I don’t hate Edgerton’s singing, or his performance, which I usually do. Rocketman is a story about John’s uncertainty about his sexuality and his identity, as well as the generalized uncertainty that comes with abusive relationships, which drive his drug-fueled collapse in the film. Edgerton does a great job constantly toeing the line between ultimate rockstar bravado and sheepishness.

The old trope to make everyone immediately lose patience with your musician biopic is to open on a famous performance and frame the movie as a flashback. Rocketman changes this up a tiny bit, opening with John walking out of a performance and admitting his addition problems. It’s another way the movie isn’t appreciably different from the tropes it’s trying to reject.

Rocketman is inexorably tied to last November’s Bohemian Rhapsody for at least a dozen reasons, most interestingly because they share a director – after Bryan Singer fucked off the set of Bohemian Rhapsody with two weeks left of shooting, Dexter Fletcher replaced him, and was subsequently hired to direct Rocketman. Additionally, Rocketman’s entire advertising and media campaign can be read as a response to Bohemian Rhapsody, or at least a deliberate attempt to create contrast – Rhapsody is the most recent and most successful posterchild for the kind of vapid biopic that Rocketman specifically wants to not be. Edgerton and Fletcher also took explicit swipes at the film by emphasizing that Edgerton actually performed John’s songs while Rhapsody star Remi Malek’s vocals were covered, and the fact that the director actually finished production.

This was in and of itself a bold choice. While Bohemian Rhapsody was eviscerated critically and is quickly becoming more of a punching bag as time passes, its commercial and awards season success can’t be denied. The problem is that as much as Rocketman tries to set itself apart, there isn’t much separating the movies. Rocketman swaps Rhapsody’s embarrassing editing problems for lighting problems that aren’t quite as noticeable, but are still a hinderance, and for musical numbers that aren’t that great anyway.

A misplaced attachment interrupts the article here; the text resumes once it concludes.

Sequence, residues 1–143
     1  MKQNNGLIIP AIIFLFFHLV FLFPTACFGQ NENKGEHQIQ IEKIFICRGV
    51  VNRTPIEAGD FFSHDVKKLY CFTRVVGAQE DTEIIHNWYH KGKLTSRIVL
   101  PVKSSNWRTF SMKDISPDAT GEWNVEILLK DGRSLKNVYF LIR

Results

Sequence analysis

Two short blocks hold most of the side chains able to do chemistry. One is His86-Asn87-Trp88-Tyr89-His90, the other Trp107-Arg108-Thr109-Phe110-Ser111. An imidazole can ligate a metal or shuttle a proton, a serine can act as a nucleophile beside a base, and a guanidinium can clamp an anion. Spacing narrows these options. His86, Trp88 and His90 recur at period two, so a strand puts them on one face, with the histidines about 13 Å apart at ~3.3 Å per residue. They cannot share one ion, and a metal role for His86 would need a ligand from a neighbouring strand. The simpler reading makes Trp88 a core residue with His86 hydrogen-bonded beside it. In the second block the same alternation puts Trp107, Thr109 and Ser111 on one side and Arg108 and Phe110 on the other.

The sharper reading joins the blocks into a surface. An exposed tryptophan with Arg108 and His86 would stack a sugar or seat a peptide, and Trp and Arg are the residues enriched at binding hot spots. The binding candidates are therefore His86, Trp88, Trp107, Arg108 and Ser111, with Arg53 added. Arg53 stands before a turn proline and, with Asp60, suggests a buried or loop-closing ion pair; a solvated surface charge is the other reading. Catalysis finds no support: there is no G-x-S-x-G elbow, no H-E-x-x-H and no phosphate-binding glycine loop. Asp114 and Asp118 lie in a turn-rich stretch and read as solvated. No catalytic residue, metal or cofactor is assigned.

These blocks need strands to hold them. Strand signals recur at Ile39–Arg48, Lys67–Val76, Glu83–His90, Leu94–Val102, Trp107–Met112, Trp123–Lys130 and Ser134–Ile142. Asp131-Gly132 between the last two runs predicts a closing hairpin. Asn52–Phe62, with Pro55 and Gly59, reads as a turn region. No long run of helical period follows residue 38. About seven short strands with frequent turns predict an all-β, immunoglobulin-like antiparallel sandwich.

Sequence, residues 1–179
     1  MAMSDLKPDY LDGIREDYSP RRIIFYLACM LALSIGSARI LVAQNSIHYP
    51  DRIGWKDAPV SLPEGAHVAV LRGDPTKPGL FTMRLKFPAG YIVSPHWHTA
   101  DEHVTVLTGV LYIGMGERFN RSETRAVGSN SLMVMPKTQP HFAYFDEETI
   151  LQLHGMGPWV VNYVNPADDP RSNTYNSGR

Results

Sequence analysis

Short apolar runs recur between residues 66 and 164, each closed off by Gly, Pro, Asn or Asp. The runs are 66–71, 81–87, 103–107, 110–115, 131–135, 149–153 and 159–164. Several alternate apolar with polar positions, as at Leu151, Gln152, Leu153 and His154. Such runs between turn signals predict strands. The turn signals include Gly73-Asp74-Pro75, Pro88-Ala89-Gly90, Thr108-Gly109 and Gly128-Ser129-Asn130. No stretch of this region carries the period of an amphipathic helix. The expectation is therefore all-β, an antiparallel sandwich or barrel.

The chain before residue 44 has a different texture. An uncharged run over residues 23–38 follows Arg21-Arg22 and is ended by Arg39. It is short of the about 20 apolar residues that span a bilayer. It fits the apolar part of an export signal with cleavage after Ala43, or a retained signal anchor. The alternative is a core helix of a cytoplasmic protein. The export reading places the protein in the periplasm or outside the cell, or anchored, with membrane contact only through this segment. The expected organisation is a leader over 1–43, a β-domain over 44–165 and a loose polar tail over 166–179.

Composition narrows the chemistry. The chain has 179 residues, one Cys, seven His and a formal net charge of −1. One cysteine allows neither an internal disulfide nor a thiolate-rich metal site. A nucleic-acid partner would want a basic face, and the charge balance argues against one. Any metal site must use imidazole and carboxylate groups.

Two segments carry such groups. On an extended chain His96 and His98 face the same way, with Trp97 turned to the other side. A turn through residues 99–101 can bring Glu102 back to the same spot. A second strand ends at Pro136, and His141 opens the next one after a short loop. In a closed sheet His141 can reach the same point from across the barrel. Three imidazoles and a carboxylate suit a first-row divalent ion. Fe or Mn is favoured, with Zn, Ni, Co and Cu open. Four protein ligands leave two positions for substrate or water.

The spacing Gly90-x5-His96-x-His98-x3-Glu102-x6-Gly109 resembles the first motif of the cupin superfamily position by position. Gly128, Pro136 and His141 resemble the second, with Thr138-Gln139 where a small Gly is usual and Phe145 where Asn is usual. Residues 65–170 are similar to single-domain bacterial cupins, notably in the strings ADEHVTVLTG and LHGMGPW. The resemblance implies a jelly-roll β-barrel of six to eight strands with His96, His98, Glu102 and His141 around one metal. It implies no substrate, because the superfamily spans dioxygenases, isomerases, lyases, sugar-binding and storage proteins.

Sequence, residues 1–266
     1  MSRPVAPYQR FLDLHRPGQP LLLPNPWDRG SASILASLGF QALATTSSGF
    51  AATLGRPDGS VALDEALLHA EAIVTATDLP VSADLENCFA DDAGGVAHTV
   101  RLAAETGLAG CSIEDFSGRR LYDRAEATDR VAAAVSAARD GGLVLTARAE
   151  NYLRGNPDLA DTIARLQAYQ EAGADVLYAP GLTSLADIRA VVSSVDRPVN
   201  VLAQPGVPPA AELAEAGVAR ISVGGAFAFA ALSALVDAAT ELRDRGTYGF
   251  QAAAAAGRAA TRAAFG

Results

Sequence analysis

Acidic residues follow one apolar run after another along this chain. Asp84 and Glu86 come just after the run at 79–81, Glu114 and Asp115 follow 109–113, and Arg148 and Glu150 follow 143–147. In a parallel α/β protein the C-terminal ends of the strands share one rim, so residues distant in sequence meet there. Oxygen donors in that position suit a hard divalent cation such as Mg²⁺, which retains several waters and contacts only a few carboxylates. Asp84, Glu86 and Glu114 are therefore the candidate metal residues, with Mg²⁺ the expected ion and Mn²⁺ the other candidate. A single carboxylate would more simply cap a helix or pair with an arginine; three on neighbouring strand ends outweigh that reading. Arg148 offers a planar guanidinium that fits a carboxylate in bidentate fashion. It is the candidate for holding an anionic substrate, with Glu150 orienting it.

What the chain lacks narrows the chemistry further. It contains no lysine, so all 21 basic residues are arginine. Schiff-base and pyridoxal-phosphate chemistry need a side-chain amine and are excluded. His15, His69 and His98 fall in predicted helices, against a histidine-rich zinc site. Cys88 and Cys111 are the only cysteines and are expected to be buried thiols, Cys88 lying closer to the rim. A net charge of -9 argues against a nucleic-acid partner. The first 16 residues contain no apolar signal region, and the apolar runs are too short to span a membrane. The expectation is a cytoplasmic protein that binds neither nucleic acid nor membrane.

Bohemian Rhapsody also had a major revisionist history problem because surviving Queen bandmates Roger Taylor and Brian May were trying to drag Mercury to make themselves look better, and Rocketman kind of repeats that too by portraying John’s parents as absent and unsupportive of his career or sexuality. This is consistent with John’s descriptions of his parents, but something that is disputed by extended family and some facts. It’s a complicated situation, but the movie is grounded in John’s truth, which it should be, even if that truth seems to be highly questionable here. The core problem remains, though – if you can’t find the conflict in an existing story and feel more needs to be injected, you shouldn’t be telling that story.

While Rocketman doesn’t really have the opportunity to flub anything as hard as Bohemian Rhapsody flubbed the AIDS Crisis, which is integral to the story of Freddy Mercury whether or not anyone wants it to be, it does repeat the same trope of bad things happening in the musicians’ lives once they start dating men. That’s but essentially unavoidable – both Reid and Paul Prenter were famously horrible to their superstar lovers – but it’s extremely unfortunate that both of these movies about eminent queer icons run headfirst into one of the most annoying homosexist tropes.

So while Rocketman has a lot of the right ideas, it just doesn’t get all the way to where it’s going.

Leopold Knopp is a UNT graduate. If you liked this post, you can donate to Reel Entropy here. Like Reel Entropy on Facebook and reach out to me at reelentropy@gmail.com.